Educación y Management

¿Sabes escuchar realmente? Una guía de McKinsey para identificar a los ‘bad listeners’

Un lugar común del buen management es saber escuchar. Esa cualidad aparece siempre cuando alguien señala cómo debe comportarse un ejecutivo con sus colegas, colaboradores, socios o clientes. Pero, ¿realmente hay tanta gente que tiene esa cualidad y la muestra? ¿Crees que sabes escuchar a tu interlocutor?

Este post, basado en un excelente informe de la consultora McKinsey, es un buen ejercicio de reflexión sobre nuestro estilo de gestión, y puede aplicarse a cualquier persona en su vida profesional e, incluso, en la comunicación personal.

Según señala McKinsey, saber escuchar es una de las cualidades de mayor valor para un ejecutivo, pero también una de las menos cultivadas.

El saber escuchar bien, entendido como la actividad disciplinada y activa de analizar y utilizar a fondo la información recogida de los demás para mejorar su calidad y cantidad, es la clave para construir un conocimiento que va a poder generar ideas frescas. Saber escuchar más y mejor puede marcar la diferencia entre el éxito y el fracaso, y en suma, entre una larga carrera u otra más corta, afirma el autor de este artículo, Bernard Ferrari.

Según explica, hay 3 elementos clave que marcan la diferencia entre los que saben escuchar y los que no tienen tan desarrollada esta cualidad:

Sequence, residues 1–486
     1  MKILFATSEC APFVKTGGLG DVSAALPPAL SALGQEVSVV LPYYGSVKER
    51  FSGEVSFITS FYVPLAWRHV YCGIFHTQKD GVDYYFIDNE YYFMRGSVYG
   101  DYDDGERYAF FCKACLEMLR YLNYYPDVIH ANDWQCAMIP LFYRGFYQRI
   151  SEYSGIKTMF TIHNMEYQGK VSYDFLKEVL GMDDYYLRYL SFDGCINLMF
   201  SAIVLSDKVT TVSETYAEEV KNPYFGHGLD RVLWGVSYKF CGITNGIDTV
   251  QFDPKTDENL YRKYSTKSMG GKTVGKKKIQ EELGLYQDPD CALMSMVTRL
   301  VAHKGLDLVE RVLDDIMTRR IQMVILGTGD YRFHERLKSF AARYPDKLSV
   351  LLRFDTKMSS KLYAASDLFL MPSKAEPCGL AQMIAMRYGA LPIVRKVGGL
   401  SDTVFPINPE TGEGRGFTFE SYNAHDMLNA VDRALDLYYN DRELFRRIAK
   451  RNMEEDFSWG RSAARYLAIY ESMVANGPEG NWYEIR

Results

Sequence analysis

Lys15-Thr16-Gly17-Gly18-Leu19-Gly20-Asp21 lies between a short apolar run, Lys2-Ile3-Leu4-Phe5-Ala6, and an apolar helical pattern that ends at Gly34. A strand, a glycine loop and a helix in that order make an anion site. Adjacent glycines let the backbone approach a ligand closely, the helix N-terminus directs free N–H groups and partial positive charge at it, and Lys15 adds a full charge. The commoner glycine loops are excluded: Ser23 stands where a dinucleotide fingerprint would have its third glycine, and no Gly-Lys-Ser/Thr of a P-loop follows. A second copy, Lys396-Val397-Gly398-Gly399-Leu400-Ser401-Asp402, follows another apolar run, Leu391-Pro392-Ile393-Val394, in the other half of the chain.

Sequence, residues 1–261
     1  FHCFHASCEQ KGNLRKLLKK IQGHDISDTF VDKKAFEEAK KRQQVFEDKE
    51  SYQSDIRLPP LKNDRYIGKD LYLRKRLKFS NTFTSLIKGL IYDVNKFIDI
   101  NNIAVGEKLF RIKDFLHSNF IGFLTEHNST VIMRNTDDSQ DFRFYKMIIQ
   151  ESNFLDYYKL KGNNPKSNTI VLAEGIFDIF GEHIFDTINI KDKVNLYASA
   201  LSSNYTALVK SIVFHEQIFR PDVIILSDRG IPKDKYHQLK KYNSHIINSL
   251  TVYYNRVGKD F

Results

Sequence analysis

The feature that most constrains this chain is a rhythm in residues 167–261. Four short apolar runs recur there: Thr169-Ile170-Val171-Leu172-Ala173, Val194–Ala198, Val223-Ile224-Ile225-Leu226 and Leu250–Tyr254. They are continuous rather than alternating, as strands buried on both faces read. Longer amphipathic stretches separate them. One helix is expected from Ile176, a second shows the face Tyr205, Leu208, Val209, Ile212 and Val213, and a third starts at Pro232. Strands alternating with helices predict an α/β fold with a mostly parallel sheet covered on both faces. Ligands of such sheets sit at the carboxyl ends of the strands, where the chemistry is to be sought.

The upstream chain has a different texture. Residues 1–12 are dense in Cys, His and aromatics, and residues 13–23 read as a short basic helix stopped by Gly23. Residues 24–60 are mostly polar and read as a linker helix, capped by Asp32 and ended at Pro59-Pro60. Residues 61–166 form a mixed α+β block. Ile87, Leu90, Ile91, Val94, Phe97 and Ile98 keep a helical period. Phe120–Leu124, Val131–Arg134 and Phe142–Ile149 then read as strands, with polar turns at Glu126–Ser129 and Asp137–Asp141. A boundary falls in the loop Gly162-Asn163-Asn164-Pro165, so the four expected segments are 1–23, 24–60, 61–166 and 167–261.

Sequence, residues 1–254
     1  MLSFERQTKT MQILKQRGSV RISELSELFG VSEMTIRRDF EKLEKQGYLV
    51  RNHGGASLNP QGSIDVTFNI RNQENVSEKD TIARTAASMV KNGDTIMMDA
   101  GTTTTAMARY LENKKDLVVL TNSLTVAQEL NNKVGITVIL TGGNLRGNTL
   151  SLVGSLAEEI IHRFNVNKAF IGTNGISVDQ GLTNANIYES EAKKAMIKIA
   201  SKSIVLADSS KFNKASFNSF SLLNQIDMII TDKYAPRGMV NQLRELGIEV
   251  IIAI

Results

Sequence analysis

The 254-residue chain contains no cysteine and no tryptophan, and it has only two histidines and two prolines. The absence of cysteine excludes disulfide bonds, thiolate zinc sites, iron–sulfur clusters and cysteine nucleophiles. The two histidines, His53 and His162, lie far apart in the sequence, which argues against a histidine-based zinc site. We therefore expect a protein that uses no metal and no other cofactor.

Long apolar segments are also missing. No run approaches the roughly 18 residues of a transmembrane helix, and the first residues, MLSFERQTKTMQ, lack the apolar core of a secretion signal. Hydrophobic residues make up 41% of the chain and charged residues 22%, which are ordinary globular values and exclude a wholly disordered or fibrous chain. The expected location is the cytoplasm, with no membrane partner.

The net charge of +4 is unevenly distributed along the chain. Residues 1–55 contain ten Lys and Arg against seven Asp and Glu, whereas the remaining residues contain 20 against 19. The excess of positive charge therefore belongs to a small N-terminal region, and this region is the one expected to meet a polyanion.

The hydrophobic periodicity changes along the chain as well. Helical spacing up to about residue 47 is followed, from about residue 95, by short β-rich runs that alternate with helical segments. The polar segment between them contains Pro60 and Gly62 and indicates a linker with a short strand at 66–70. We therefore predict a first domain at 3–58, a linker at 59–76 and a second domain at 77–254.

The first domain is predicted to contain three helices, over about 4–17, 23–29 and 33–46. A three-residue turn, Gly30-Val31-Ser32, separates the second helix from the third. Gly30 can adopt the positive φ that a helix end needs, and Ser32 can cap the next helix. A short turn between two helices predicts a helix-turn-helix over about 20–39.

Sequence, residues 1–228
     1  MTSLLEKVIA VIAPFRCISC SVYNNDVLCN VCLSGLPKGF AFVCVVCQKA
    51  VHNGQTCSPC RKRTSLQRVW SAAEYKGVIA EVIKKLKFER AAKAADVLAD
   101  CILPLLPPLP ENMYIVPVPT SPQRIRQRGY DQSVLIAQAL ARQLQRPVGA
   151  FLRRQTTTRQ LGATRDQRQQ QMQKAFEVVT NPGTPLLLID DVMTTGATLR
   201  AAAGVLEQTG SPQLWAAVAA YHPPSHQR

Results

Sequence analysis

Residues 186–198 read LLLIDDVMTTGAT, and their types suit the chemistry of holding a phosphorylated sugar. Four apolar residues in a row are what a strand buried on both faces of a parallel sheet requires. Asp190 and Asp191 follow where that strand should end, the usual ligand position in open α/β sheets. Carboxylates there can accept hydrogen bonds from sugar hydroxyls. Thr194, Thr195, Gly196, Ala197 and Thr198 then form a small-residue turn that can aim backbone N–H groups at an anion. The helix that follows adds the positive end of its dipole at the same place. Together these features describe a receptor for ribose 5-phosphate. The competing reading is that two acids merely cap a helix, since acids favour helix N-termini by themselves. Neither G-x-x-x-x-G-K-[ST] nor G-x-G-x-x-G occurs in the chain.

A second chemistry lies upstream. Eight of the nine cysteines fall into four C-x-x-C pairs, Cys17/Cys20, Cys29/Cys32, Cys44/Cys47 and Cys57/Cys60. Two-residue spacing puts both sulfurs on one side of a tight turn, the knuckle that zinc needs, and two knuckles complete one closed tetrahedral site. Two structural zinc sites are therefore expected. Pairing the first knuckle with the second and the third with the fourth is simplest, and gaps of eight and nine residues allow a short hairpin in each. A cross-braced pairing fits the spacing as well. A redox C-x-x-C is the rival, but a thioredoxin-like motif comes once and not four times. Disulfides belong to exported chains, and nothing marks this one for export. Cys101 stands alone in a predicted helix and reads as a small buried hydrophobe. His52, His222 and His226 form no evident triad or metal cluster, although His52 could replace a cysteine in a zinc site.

1. Mostrar respeto por tu interlocutor.

2. Saber estar callado, o lo que es lo mismo, escuchar más que hablar.

3. Ser capaz de cuestionarte lo que tienes asumido.

En el artículo, el autor establece una guía para identificar a los que no saben escuchar, que reproducimos aquí íntegramente en la versión original publicada por McKinsey dado que nos parece de mucho interés como ejercicio de autoreflexión para cada uno:

A field guide to identifying bad listeners (Fuente: Mckinsey Quarterly)

To improve your listening skills, you must learn what’s keeping you from seeking and hearing the information you need. Below are descriptions of six of the more common archetypes of bad listeners. Any one individual can demonstrate these archetypes at different times and under different circumstances. I admit that I’ve demonstrated all six, sometimes on the same day. During your business conversations this week, see if you recognize any of these kinds of bad listeners—or recognize them in yourself—and track the results. If you can use the descriptions below to set up some alarm bells for your own off-putting behavior, you’ve taken the first step in curing what ails you.

The Opinionator

The Opinionator listens to others primarily to determine whether or not their ideas conform to what he or she already believes to be true. Opinionators may appear to be listening closely, but they aren’t listening with an open mind and instead often use their silences as opportunities to “reload.” While Opinionators may have good intentions, the effect of this listening style is to make conversation partners uncomfortable or even to intimidate them. Opinionators routinely squelch their colleagues’ ideas.